Why Africa doesn’t need to suffer the brunt of vaccine inequality

Ndelle Ngabe Makoge, September 2021
A man is given the COVID-19 vaccine by a health care worker.
Na’An Kayou, a community drug distributor, receives the COVID-19 vaccine in Cameroon.

Africa is behind on the COVID-19 vaccine roll-out. With only three per cent of the population vaccinated, compared to around 65 per cent in Europe, and 54 per cent in America*, global inequalities have never been starker. But this doesn’t have to be the case. There are programmes already in place that can support vaccine distribution in the continent.

Vaccine supply in Africa isn’t the only issue; it’s the roll-out too. It’s having the capacity, logistics and contacts to reach millions of people over miles and miles, often where transport and health infrastructure can be lacking. But thanks to existing partner and volunteer networks, and decades of experience, Sightsavers’ neglected tropical disease (NTD) programmes already have strong structures in place to support the delivery of the COVID-19 vaccine once it is in-country. And we have a strong track record in doing this, so far delivering more than 1.3 billion treatments for NTDs.

The journey of the treatment from manufacturer to community is complex. Those who need treatment often live in remote areas where flooding can damage the road and wash away bridges or there are security concerns that hinder the delivery of essential health services. This is where, together with governments, partners and communities, we find solutions to deliver treatments in even the most difficult circumstances. For example, in 2018, Sightsavers along with the World Health Organization (WHO) and partners supported the Yemen Ministry of Health to deliver trachoma treatment to around half a million people.

Last month in Cameroon, we had our first opportunity to harness an NTD programme to vaccinate volunteers and health workers who deliver treatments to communities. My team and I had been concerned about vaccine equity since the arrival of the first doses of the COVID-19 vaccine back in April. Doses were limited and priority was given to health staff, the military and those aged 50 plus. However, our hope was restored when additional doses of the COVID-19 vaccine were donated by the US Embassy to the Cameroon Ministry of Health, to boost vaccine coverage in the country.

We took advantage of this, proposing to the Ministry of Health that they should use the Act to End NTDs West programme’s training of community volunteers to also promote the vaccine and offer it to those taking part in the training. This was greatly welcomed at both national and regional levels.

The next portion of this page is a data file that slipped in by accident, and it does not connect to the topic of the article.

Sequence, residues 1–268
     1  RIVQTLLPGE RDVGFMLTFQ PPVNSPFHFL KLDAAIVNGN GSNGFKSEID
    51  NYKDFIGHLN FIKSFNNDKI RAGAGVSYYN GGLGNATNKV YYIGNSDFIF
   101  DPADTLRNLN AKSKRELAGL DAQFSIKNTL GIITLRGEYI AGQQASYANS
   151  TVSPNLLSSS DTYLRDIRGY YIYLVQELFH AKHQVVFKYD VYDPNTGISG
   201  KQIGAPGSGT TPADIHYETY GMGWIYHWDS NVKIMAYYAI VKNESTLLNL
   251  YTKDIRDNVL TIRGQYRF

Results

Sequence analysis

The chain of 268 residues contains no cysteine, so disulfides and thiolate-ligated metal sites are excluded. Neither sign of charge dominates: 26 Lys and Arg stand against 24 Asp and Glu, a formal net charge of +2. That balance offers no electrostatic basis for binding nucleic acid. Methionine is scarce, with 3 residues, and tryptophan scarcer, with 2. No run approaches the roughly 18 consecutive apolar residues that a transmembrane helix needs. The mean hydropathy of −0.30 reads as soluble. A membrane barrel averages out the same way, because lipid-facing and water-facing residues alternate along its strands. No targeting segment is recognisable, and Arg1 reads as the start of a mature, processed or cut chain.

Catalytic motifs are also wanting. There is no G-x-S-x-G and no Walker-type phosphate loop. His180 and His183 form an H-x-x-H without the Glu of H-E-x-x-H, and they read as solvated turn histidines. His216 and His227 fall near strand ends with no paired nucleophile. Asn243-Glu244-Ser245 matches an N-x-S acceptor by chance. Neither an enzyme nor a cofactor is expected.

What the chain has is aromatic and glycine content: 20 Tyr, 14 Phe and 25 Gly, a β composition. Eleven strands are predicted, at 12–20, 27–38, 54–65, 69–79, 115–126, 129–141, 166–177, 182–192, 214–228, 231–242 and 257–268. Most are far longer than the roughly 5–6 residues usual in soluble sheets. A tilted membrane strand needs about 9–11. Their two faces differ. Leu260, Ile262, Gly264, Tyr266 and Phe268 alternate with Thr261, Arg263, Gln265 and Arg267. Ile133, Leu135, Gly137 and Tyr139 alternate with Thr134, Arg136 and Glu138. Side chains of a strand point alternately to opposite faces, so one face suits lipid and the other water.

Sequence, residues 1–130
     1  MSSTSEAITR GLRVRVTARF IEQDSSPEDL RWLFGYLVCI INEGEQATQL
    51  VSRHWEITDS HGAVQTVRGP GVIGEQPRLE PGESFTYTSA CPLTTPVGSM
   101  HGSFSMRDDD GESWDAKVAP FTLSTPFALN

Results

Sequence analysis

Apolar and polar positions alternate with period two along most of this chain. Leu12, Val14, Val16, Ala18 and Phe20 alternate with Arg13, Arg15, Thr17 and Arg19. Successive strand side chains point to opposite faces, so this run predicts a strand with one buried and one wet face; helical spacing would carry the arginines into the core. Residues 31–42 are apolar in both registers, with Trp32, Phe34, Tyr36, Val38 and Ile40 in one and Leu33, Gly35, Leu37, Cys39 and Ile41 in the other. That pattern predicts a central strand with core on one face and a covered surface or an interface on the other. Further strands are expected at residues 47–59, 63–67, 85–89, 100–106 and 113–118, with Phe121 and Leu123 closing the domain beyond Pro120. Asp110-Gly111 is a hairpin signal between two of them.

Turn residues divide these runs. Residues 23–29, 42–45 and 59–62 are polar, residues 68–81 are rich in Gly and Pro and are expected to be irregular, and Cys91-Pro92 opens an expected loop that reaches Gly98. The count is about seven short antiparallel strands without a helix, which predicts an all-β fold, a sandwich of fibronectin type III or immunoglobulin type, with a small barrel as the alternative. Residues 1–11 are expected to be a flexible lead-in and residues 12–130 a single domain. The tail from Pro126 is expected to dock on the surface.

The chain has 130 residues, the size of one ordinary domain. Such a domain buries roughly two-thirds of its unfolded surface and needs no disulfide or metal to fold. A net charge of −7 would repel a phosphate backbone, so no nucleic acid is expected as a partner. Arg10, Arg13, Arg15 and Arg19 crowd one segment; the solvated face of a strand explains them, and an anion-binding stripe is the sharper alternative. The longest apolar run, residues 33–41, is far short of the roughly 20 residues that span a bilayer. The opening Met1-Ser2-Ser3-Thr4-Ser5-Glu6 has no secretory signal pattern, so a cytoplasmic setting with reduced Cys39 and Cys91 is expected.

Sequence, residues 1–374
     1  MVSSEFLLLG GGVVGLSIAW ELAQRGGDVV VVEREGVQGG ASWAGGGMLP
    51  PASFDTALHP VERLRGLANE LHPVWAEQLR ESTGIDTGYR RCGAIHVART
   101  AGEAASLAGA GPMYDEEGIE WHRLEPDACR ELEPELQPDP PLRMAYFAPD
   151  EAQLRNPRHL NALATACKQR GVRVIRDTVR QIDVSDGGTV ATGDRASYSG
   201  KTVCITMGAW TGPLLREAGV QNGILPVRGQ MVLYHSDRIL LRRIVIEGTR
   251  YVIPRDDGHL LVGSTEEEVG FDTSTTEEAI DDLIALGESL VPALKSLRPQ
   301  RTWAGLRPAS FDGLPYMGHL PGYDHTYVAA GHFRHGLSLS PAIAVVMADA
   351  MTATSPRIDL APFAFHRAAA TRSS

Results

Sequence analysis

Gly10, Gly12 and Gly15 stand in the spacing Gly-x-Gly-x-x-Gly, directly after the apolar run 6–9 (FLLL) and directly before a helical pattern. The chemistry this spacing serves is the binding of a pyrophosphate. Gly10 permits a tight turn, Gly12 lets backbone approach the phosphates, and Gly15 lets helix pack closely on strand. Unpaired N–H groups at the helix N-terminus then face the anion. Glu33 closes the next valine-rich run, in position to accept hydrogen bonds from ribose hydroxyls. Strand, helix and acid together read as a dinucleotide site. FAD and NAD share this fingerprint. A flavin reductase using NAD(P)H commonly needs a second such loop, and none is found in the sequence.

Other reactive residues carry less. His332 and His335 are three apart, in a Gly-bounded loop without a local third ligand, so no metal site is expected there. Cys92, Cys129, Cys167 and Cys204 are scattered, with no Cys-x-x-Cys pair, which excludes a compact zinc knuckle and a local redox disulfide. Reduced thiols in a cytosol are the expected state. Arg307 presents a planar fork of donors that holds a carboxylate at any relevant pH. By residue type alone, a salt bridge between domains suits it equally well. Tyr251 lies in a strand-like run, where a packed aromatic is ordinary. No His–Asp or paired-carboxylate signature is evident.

Hear from some of the community volunteers who got vaccinated in Cameroon:

Follow the journey of a trachoma treatment

Once treatments like the COVID-19 vaccine have reached a country, there are still many challenges before they reach remote communities.

Read the story

As well as reducing the risk of death and serious illness from COVID-19, this work helped to dispel misinformation. As with any new vaccine, the community volunteers were concerned. Most of their worries came from misinformation spread on social media, but they also believed that due to living in rural areas, their risk of getting COVID-19 was lower. We successfully worked to desensitise the volunteers and the full number of provided doses was accepted.

This is important work, as volunteers are known and respected by their communities so they can encourage others to trust the vaccine when they travel to local towns and villages.

But so much more is possible. If we attach the roll-out of the COVID-19 vaccine to existing NTD programmes then it can happen more quickly, be better value for money and be more effective, ensuring that no one is left behind.

If we can control the virus here in Cameroon, and in West Africa, then we can control the virus across the world. We all have our part to play in tackling COVID-19 and ridding the world of NTDs. Together we can enhance the health, quality of life and future wellbeing of people affected by these conditions. Let’s do this!

*Source: BBC News

A male healthcare worker stands outside wearing a colourful face mask and a white coat.

Fighting COVID-19 and NTDs

Discover how the Ascend West and Central Africa programme and its partners supported ministries to respond to COVID-19.

Read on Storymaps


Ndelle Ngabe Makoge is a NTDs programme officer for Sightsavers, based in Cameroon.


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